IDEAL is a research project based at the University of Exeter, an Alzheimer's Society Centre of Excellence. The centres are our biggest single investments into research to improve dementia care.
IDEAL (Improving the experience of dementia and enhancing active life) aims to understand what affects the ability of people to live well with dementia.
Alzheimer’s Society has awarded funding so that researchers on the IDEAL project can continue their work for 3 more years. This extension will provide the opportunity to learn from the experiences of a wider range of people affected by dementia. This will include black, Asian and minority ethnic communities as well as people with advanced dementia.
What is the latest from IDEAL?
This week Alzheimer's Society and the University of Exeter brought together people with dementia, researchers, medical professionals, policy makers and service managers. The event shared the latest findings from the IDEAL project around living well with dementia and shaped the next steps of the research.
The University of Exeter research team have been working closely with over 1,500 people with dementia and over 1,200 family members or friends. They want to learn how we can support people with dementia to live well.
As we learn more about what can help people affected by dementia to live well we need to ensure these findings are made a reality. This could mean a change in policy or clinical practice.
Professor Linda Clare, leading the IDEAL programme, explained what living well with dementia meant to people with the condition. The top answers included several things that many of us might take for granted - getting out and about, being fit and active and seeing friends.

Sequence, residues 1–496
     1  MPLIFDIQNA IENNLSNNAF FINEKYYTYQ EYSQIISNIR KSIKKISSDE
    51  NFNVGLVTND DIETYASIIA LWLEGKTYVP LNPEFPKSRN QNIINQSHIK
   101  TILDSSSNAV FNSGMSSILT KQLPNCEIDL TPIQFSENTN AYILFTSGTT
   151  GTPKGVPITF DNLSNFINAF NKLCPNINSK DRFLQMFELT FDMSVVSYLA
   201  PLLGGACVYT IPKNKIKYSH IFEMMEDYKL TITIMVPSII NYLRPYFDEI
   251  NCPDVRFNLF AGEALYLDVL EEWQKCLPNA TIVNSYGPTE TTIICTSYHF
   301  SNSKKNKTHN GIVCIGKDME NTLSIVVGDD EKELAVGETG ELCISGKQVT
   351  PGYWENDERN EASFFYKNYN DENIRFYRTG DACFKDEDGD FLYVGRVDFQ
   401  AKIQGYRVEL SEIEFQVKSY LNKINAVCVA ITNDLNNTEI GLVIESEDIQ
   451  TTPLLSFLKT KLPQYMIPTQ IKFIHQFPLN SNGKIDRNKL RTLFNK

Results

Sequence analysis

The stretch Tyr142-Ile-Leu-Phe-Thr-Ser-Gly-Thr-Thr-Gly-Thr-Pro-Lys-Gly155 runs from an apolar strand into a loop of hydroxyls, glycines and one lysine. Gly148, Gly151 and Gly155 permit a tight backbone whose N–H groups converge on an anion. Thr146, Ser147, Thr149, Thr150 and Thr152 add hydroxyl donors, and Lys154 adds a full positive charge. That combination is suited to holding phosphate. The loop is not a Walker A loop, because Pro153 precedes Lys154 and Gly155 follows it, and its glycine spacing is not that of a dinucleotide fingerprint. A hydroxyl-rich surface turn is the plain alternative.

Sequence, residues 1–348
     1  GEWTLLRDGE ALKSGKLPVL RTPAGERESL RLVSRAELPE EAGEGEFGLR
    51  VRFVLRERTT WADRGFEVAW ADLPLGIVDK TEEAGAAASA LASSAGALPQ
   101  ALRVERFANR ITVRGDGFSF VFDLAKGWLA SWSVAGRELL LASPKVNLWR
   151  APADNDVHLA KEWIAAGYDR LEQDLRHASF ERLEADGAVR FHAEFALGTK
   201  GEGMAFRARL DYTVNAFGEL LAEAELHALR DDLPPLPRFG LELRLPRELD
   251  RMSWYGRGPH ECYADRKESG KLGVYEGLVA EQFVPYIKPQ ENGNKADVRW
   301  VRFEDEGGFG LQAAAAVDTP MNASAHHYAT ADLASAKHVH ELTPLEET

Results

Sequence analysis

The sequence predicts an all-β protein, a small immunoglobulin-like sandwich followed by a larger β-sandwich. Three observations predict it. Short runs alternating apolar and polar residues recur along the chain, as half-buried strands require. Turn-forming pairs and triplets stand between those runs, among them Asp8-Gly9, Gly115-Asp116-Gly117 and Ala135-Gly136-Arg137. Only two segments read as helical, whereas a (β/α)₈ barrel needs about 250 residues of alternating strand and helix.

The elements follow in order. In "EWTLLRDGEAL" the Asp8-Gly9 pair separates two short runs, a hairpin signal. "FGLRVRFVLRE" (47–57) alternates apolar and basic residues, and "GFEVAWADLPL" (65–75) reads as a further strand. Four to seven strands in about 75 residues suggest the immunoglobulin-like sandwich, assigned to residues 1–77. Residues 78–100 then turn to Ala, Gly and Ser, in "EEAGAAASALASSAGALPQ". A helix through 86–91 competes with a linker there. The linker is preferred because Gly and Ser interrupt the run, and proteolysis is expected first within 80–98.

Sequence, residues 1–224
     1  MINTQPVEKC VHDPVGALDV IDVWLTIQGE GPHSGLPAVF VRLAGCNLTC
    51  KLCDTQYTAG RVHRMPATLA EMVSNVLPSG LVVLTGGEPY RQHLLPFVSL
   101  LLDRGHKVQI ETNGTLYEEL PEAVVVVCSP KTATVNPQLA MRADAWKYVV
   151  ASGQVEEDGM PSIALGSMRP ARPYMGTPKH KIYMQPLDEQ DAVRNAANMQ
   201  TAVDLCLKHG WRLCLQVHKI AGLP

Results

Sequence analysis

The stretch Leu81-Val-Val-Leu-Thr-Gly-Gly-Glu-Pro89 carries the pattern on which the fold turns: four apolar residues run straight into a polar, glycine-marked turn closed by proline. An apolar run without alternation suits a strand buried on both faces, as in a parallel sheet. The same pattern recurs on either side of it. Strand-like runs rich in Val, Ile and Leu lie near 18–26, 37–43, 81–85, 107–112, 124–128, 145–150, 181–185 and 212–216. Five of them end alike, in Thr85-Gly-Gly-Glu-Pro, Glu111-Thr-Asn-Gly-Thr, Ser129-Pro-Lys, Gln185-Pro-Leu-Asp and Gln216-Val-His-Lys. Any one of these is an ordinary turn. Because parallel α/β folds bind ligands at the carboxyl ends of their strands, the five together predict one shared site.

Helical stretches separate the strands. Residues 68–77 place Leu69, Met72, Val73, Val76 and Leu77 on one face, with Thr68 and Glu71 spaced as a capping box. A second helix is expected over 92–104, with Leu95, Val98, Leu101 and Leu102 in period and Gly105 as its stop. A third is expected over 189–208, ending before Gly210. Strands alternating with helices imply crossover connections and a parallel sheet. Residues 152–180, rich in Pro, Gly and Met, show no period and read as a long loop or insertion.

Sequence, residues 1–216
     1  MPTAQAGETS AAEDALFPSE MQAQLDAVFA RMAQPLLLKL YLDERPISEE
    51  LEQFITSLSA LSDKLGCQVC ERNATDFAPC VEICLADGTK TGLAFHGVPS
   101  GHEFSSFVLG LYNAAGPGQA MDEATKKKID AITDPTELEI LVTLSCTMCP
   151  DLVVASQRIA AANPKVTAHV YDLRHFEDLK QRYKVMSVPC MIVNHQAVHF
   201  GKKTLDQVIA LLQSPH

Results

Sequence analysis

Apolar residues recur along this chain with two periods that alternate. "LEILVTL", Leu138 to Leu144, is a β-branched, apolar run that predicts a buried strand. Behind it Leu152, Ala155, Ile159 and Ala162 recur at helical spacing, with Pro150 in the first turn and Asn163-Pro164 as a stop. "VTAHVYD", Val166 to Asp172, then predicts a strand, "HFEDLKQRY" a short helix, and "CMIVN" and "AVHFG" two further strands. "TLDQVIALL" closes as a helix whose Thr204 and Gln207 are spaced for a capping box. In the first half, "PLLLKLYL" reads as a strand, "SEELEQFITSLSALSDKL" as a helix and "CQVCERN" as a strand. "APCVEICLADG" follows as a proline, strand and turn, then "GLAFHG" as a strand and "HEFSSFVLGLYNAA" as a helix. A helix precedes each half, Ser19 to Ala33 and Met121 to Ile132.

We also heard about the impact that managing psychological health has on the ability to live well. Services that tackle depression, loneliness and people’s self-esteem have the potential to make the biggest impact in helping people to live well.
Working in partnership with people affected by dementia
One of the most inspiring speakers was Keith Oliver who has a diagnosis of dementia. He’s an Alzheimer’s Society ambassador and has been involved in IDEAL since it started 5 years ago.
Keith highlighted the importance of research to him personally. He finds research gives him hope for the future and aims to ‘give the 850,000 people with dementia the same ammunition (that he has) to live well with dementia’.
Every aspect of the IDEAL programme is guided by people affected by dementia. Alongside Keith, there is a group of people living with dementia and carers, known as the ‘Action on Living Well: asking you’ (ALWAYS) group. The group provide advice to researchers based on their personal experiences, skills and expertise. They have helped shape the project, kept the researchers on track and are instrumental in sharing results.
Alzheimer’s Society and IDEAL
Jeremy Hughes CEO of Alzheimer’s Society has reiterated our commitment to the IDEAL programme. We have seen it has already begun to show ‘what good looks like in dementia care’.
We are all aware of the importance of making dementia care IDEAL for people living with dementia. We must ensure the evidence gathered by this project is used as a powerful message to influence health care policy. This will help to create positive, tangible change in the day-to-day lives of people affected by dementia.